New Zealand

The Reserve Bank of New Zealand surprised markets by cutting the cash rate 25 points from 1.75% to 1.50% on Wednesday in a unanimous 0-6 vote by the new monetary policy committee. Global growth has slowed since the last quarter of 2018 so a cut was necessary to support the outlook for employment and inflation. The RBNZ sees annual CPI at 1.7% by June 2020, improving off the 1.5% currently. The New Zealand Dollar initially moved significantly lower across the board but had soon strangely retraced more than 50% of the downward moves into Friday. Further risk off sentiment also hindered any topside momentum in the kiwi with US/China trade negotiations ending without any agreement. Trump clearly speaking out over Twitter at his displeasure with how the Chinese officials have handled negotiations to date with “they love ripping off America” threatening to increase the 200B tariff total to a much higher 500B if no cooperation was forthcoming. “We are right where we want to be with China”. Zero data on the calendar this week for the kiwi dollar so movement will be dictated by offshore events. Read more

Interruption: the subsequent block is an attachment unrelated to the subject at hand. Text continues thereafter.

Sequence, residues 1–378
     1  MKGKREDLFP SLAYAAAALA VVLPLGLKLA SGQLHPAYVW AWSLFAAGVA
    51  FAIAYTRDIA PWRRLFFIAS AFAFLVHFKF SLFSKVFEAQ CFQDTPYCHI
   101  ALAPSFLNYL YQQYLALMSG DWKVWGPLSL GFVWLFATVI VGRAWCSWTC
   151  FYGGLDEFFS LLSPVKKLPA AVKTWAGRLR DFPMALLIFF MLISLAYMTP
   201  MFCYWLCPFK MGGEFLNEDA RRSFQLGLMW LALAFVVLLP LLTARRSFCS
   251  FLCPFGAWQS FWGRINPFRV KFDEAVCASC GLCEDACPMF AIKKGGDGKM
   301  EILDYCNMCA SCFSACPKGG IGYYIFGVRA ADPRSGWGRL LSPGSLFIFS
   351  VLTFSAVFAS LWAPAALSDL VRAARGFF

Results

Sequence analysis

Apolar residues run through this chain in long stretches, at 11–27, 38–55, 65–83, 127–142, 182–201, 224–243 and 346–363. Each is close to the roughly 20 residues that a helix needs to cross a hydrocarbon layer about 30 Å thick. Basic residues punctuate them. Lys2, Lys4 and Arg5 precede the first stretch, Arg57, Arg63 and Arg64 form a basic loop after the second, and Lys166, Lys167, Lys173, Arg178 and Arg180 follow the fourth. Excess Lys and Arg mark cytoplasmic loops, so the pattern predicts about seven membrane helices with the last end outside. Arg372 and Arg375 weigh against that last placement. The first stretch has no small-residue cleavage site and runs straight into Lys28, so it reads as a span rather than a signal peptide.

FX Update

Markets have been risk off for most of the week contributing to a shift lower for the kiwi and Aussie. US Equities have traded in the red with the S&P down over 2% surrounded by uncertainty in the ongoing US/China trade negotiations as we headed into Friday.